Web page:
As you may or may not know, I work in school nutrition for the state of Georgia and Haley is a professional photographer. Both of us, through our work, are able to travel and explore unique opportunities to meet influential leaders within our industries. This month I was honored to sit down with restaurateur, author and Top Chef Judge, Hugh Acheson, during the Georgia Organics Conference in Athens, Georgia.
Born and raised in Ottawa, Canada, Hugh Acheson is the chef/partner of the Athens restaurants; Five & Ten, The National, the Atlanta restaurant Empire State South, and the Savannah restaurant The Florence.
His cookbook titled A New Turn in the South: Southern Flavors Reinvented for Your Kitchen, won the James Beard Foundation award for Best Cookbook in the field of "American Cooking" in 2012. Read below for our interview on what he has to say about better farms and flavors in Georgia.
On the Farm-to-Table Movement:
We’re in a farm-rich environment in Georgia – how do we celebrate that? I want to celebrate the farmers by having them harvest beautiful produce that we actually consume, in both our homes and restaurants. We’re at the point where farm-to-table is a co-optable term – it can be used for marketing and it can resound as not very true most of the time. We’ve never actually marketed the restaurants as farm-to-table. Instead we’ve just always walked the walk, rather than talk the talk. We support our local environment the best we can, every day. It’s what we do.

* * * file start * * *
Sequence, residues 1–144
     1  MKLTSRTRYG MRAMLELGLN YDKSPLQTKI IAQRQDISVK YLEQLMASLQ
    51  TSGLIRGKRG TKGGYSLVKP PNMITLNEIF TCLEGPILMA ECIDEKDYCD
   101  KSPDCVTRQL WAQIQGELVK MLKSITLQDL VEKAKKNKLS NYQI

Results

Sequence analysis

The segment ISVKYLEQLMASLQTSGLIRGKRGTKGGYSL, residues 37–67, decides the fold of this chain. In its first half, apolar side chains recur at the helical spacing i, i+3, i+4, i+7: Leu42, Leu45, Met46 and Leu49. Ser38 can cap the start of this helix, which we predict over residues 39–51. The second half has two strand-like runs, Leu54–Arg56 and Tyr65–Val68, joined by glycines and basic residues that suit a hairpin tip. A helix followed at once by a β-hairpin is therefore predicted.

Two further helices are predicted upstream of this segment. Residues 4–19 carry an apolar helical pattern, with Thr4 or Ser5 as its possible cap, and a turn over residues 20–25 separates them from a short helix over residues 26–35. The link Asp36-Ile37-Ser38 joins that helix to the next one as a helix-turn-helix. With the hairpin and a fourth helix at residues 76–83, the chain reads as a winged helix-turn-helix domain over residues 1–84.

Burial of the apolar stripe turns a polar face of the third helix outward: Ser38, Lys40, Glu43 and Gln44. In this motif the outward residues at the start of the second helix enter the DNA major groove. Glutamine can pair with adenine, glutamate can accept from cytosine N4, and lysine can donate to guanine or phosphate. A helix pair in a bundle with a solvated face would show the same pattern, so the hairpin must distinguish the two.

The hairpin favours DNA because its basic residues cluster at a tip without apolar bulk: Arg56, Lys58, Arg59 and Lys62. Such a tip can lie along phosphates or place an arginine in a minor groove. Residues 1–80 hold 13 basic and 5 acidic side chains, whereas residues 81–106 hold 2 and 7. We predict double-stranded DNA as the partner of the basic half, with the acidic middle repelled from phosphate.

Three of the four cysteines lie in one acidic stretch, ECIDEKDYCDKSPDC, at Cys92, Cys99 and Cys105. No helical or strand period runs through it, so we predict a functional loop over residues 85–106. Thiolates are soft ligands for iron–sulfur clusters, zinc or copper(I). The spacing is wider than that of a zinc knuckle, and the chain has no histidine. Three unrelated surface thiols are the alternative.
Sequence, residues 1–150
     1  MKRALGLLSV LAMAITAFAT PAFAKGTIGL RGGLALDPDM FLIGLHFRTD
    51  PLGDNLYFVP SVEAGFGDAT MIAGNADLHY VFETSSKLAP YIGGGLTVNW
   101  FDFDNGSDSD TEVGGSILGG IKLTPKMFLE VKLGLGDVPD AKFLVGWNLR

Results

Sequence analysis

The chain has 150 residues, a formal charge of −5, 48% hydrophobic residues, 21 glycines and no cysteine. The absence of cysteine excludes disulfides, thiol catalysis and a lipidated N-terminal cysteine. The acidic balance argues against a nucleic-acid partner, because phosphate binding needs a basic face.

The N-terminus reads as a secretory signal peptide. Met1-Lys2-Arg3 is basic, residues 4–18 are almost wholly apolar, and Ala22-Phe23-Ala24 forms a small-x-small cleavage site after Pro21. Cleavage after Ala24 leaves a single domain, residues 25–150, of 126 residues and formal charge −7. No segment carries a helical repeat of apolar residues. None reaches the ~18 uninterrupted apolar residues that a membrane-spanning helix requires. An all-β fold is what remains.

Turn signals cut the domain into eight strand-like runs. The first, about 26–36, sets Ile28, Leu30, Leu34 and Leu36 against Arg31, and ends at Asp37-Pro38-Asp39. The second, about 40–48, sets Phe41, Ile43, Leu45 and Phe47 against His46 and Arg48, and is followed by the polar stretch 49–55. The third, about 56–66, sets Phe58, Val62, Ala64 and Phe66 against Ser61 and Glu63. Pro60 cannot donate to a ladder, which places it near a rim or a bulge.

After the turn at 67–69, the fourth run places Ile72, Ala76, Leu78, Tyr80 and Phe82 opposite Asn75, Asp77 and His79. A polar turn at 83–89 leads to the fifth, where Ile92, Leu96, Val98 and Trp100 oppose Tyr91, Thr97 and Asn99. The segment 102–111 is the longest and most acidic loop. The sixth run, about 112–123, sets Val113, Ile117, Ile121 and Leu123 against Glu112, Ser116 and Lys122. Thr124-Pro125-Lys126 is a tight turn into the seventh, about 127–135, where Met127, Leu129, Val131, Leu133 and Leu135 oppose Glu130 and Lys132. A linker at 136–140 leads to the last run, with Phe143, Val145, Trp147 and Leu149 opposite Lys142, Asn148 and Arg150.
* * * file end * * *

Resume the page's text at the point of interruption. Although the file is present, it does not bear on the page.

On Farm to School:
Georgia is doing a great job of implementing the farm-to-school program – we have definitely made great strides but unfortunately school lunch is not something that can change overnight. The important thing is to keep moving forward and to keep making progress. There is more of an interest in food policy than there was ten years ago, which is good, but there is still a ton of work to be done.
On re-thinking Home Economics:
The idea is this: for a long time, home economics was very gender-specific and focused on how to maintain a home. Simultaneously, over the past few decades, we have become accustomed to the concept of convenience, i.e. soup in a can, frozen dinners, etc., which infiltrated our culture and our lifestyle. There is an entire generation that has almost lost the art of cooking. So my goal, as a father of a 10 and a 12-year-old, is to help reshape the requirements for family and consumer sciences. Let's equip children who will turn in to college students who then turn in to working adults, to be able to prepare their own meals and have basic life skills. By teaching these skills, we’re going to make a big threat to the 'happy meal' – and that’s the end goal. (Read more here)